This one is called Sudath. I think I picked the name from an online random word generator. It turns out that Sudath is a common name in Sri Lanka. According to the website kabalarians.com, “The name of Sudath indicates you are a diligent and persevering worker who enjoys doing a job well and finishing what is started. Not overly ambitious, you have restricted your life to working at occupations involving routine.” I don't think this has much of anything to do with the music. But you never know (see above).

I have a page with more of these compositions in progress. Go here for a listen.

Full Moon ~ April 26th, 2021

P-47 Thunderbolt

Robert Spellman triptych painting of a World War II P-47 Thunderbolt fighter plane.

Here's a painting of a World War II P-47 Thunderbolt fighter plane. This painting appears in an earlier form on this site. I've lately been re-visiting and re-working many of the paintings in this series. One reason for this is seeing that some of them needed more work on the surface, the roughness of which is not entirely apparent in a digital format; or I may have not liked the color of the earlier version.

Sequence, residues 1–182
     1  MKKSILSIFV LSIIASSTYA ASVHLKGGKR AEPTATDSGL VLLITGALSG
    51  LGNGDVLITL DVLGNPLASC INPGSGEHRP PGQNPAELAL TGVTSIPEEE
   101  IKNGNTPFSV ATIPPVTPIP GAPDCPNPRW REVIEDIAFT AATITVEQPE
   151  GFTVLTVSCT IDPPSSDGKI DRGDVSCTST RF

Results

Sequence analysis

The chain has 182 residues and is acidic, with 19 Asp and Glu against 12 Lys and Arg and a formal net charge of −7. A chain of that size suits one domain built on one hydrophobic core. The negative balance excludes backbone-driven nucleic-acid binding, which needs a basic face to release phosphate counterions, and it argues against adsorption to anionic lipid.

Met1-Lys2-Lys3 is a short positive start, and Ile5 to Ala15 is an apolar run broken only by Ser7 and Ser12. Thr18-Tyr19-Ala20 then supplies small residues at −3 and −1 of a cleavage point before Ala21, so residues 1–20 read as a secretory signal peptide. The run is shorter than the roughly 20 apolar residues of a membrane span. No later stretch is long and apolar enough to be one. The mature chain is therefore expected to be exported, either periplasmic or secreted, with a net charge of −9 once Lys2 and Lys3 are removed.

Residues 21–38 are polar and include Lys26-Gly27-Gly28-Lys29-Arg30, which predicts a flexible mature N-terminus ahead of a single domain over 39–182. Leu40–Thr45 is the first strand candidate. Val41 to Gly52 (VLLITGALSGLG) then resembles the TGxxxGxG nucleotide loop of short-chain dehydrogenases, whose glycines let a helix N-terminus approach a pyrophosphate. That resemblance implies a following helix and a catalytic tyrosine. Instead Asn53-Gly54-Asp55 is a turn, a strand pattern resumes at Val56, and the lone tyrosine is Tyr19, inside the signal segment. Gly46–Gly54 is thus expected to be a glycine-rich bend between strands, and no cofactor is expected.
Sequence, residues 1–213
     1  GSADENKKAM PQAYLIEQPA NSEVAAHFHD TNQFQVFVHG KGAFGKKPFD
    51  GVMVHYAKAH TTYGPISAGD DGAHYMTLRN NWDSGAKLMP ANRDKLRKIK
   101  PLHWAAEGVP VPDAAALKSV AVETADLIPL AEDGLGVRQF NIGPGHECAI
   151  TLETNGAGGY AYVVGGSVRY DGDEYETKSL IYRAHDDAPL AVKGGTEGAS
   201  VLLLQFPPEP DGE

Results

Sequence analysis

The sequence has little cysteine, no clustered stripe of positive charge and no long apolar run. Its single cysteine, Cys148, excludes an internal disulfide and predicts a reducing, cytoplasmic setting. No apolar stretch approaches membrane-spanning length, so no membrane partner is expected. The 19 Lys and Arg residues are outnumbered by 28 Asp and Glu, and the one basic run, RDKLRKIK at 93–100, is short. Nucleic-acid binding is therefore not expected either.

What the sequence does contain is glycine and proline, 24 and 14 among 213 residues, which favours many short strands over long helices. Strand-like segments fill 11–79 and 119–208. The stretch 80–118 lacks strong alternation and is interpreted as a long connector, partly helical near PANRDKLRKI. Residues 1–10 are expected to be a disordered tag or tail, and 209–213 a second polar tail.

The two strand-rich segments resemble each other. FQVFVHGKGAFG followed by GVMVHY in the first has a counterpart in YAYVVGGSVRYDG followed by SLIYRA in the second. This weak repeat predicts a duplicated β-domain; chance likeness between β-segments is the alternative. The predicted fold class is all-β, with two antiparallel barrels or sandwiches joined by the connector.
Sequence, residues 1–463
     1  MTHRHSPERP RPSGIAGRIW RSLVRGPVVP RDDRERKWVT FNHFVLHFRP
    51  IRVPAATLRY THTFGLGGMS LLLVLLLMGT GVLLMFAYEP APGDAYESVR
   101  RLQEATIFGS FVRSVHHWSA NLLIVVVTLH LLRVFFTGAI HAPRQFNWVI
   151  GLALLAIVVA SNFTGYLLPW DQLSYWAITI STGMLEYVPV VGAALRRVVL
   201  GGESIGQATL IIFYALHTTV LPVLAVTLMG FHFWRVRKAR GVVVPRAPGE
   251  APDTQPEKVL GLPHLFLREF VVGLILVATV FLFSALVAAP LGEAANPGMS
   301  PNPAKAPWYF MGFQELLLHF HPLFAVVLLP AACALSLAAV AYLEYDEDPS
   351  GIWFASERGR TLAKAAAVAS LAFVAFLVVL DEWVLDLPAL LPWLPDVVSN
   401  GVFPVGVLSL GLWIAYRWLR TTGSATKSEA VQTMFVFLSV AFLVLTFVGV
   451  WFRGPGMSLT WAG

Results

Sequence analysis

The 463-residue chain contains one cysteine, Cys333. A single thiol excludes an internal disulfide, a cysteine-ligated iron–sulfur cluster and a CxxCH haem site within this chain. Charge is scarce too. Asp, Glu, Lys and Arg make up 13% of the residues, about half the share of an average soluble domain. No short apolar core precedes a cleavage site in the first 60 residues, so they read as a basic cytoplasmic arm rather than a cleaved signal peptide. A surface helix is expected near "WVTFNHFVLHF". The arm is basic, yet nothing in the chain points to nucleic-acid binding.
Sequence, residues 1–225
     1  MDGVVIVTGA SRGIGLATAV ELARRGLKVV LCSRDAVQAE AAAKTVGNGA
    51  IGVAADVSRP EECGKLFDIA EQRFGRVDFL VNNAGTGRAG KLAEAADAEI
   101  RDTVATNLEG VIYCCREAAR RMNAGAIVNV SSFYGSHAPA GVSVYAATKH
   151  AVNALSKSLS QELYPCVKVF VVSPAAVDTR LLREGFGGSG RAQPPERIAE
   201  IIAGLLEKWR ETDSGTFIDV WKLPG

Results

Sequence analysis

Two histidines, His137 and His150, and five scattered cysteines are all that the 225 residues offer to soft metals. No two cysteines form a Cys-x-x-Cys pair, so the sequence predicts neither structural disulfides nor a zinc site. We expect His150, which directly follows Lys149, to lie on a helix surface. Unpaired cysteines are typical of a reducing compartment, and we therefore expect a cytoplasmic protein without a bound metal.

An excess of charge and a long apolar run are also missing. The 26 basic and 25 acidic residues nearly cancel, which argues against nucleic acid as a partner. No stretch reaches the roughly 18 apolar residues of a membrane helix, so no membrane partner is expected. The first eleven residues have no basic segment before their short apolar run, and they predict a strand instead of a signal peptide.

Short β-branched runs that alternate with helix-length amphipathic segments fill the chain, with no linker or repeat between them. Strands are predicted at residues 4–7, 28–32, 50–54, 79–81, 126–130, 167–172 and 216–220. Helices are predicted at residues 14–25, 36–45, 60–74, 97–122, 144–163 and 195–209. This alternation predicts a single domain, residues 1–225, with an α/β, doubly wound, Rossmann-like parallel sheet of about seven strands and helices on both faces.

The second reason for the re-workings is to add the star insignia. This is to denote the American origin of many of the planes in the series. In the 1930s there was a poisonous spread of fascism in Europe and Asia, led by arrogant and deranged men skilled at whipping their people into a misinformed froth. Not unlike our own time. So adding the star insignia calls on an earlier time in the USA, a national facing down of global fascism.

Working on these feels like a way to invoke a certain American mythology of our having been the decisive force in that war. It gives me an idea for a film: The ghosts of American World War II veterans come back to the America of the twenty-first century to sort things out with present day American nazis.

Music of the Moment

This one is called Lumbricus Terrestris, which is the Latin name for a common earthworm. I don't know if this music has anything to do with earthworms but it does have a slightly creepy crawly quality of something slithering through the night.

I have a page with more of these compositions in progress. Go here for a listen.

New Moon ~ April 11th, 2021

Chance Operations